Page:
Some Thoughts on Private Equity Case Study Interview

When you go through the interview process with private equity firms, particularly if you move along in a process at a middle market PE shop, you will almost certainly be asked to do a case study.

Guide to the Private Equity Interview Case Study

So, just what is the PE case study? While it varies from firm to firm, here's what it generally will look like. You get a copy of a CIM (Confidential Information Memorandum), usually from an old sell-side process that the PE firm took part in, and are asked to throw together a basic LBO and write up a basic buy-side investment memo. The fun of this sort of process is that the end product is often very much in your hands. In my interview process, I ended up going with a two page memo that more or less condensed the important parts of the CIM, analyzed the pros / cons of the business, and included a SWOT analysis. While I went for brevity, I've also seen people throw together brief PowerPoint decks. If you aren't given a particular format, you can run with it in whatever way you think will be most effective. Format aside, let's breakdown some of the important elements to keep in mind when you're putting together a memo for a Private Equity Case Study. Now, given that you're generally given a pretty short time table to put together your memo, let's first have a look at some of the main factors you should focus on when you read through the CIM and analyze the company.

Is the Target Company a Good Buyout Recommendation?

Remember, you're trying to determine whether or not the target company is a good candidate for a leveraged buyout. This means more than simply plugging management's numbers into an lbo model with basic debt assumptions. It means taking a holistic approach to analyzing the company. So, what are some of the main things you might want to focus on?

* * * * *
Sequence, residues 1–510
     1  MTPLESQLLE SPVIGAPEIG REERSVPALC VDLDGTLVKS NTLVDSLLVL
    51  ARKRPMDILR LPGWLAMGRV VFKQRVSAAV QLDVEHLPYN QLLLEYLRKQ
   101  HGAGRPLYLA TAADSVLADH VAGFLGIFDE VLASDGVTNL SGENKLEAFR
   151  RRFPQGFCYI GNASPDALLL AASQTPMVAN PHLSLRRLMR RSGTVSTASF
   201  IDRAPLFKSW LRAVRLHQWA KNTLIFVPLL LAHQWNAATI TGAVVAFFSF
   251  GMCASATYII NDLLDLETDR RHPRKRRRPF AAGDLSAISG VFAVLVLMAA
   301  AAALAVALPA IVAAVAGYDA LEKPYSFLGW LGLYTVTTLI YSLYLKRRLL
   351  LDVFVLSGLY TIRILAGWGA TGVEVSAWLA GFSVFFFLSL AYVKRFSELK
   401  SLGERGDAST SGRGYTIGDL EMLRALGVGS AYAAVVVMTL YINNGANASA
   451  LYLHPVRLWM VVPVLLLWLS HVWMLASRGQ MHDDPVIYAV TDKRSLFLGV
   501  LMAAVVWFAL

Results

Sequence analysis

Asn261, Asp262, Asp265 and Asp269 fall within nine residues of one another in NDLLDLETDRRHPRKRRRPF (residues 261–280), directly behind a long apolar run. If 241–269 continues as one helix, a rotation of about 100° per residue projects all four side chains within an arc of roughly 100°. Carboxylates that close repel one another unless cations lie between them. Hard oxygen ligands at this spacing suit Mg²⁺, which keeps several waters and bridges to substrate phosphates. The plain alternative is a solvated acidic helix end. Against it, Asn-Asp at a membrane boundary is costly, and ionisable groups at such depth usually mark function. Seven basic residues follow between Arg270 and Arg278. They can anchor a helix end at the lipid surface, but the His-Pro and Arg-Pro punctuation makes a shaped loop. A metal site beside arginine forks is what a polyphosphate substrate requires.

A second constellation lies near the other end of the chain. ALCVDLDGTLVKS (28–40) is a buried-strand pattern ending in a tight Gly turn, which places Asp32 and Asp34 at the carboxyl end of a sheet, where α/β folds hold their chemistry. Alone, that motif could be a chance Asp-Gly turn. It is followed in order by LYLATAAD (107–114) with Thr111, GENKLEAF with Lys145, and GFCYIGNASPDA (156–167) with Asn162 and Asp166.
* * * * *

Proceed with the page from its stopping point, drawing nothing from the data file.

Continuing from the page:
• Historical and projected growth and profitability
  • To ensure that the company will be able to handle the additional debt brought on through an LBO while also providing for a strong return on investment through growth in revenue and profitability
  • Diversity of customers / products
  • A company might have strong financials at first glance, but you'll want to make sure they aren't overly concentrated in one product area or with one customer. Customer concentration issues can be problematic, particularly if the business itself doesn't have specific technology or process advantages over its competitors. If there is any notable concentration, it had better be able to prove that it's got sticky customer relationships, so to speak
  • Differentiating factors of the business
  • This ties in with points 1 and 2. Does the target company have specific technology or processes that will enable them to continue to grow and maintain margins going forward, or are they susceptible to margin erosion as competition increases
  • Industry focus
  • Is the company in a growing industry? How will it handle potential economic turmoil? How well is the target positioned in its industry? Is it a leader? Note that leader doesn't necessarily mean that it has the most dominant market share, it could be a leader in a niche segment of its broader overall industry.
  • Management
  • What's the management team like? Is it a founder-owned business? Has the team been together a long time? How built out is the team? The strength of the management team is very important, and it plays a particularly important role in the middle market. Oftentimes, you'll look at companies with very thin management teams. Or companies with owners who are looking to cash out and take a smaller role in the company going forward. These cases allow a PE firm to potentially add value by placing solid professionals into management roles.